Supreme Court Strikes Down Arizona Law, Protects the Right to Vote
By U.S. PIRG Democracy Intern Matthew Flyr
This week, the Supreme Court strengthened our democracy by striking down a burdensome Arizona law that required physical proof of citizenship for voter registration.
Eligible voters should not have to jump through unnecessary hoops when registering to vote. With this ruling, the Supreme Court affirmed that principle.
Under the now-defunct law, Arizonans were required to follow both the 1993 federal “motor voter” law, and an additional state requirement of proof of citizenship. The existing federal law works: It requires registrants to claim citizenship on a mail-in postcard under penalty of perjury. The Arizona law required Arizonans to go further and provide physical proof of citizenship in the form of birth certificate, passport, naturalization papers or driver’s license.
The superfluous registration procedures required by Arizona’s law may have prevented thousands of citizens from voting. After the law was approved on referendum, under the guise of combating voter fraud, there was an astonishing 44 percent drop in registration in Maricopa County, one of Arizona’s largest counties. And in the three years after the law was put in place, nearly 30,000 people were turned away from the polls.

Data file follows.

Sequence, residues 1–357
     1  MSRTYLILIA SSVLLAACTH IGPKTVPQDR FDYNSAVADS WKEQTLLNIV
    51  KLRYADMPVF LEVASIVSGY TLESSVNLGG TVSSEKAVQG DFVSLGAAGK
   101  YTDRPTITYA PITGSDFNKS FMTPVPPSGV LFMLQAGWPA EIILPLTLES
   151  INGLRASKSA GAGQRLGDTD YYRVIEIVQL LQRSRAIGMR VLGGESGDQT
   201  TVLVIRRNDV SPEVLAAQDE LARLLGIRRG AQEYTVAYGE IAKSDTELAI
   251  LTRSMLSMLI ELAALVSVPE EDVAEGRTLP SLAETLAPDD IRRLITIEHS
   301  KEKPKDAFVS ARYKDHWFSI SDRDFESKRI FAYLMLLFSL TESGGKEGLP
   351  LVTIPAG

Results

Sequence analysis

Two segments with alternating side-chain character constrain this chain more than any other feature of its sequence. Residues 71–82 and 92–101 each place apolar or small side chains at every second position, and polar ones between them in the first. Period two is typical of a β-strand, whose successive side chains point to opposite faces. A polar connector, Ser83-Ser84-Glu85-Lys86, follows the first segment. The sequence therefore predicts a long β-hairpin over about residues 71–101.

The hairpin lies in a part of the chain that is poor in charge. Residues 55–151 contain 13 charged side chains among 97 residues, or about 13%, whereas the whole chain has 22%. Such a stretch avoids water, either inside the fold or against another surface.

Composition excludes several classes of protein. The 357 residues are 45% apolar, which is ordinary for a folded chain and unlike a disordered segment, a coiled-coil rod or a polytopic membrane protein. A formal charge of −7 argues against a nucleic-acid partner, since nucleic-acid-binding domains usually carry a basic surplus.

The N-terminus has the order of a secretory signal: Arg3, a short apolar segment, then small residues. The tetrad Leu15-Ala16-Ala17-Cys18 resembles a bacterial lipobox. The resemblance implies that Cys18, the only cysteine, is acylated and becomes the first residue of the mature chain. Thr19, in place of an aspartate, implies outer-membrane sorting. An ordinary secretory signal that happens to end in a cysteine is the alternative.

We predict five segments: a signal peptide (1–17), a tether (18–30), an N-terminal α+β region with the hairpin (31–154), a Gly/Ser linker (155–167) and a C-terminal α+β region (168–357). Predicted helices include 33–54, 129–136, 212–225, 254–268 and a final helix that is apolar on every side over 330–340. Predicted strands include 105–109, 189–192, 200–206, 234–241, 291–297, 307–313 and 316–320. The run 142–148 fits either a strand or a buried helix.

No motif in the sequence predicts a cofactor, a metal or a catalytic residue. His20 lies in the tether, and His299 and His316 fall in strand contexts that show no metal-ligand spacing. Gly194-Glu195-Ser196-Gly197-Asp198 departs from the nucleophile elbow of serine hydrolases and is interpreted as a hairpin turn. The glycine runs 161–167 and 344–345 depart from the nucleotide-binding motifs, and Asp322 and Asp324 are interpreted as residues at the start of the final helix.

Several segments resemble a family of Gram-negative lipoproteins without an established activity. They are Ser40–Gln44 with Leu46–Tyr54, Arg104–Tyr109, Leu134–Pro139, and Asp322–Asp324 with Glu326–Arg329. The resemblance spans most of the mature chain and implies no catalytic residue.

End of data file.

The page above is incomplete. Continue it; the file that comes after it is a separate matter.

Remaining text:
By striking down the Arizona law, the Supreme Court has significantly eased the process of voter registration, which should lead to increased registration and stronger election turnout. We hope this decision will spread to other states with similarly burdensome registration procedures, and encourage citizens across the country to cast their votes.
The Court’s decision took a major step toward protecting the public’s voice at the polls. Now, it’s time to continue working for further improvements, like making registration available online.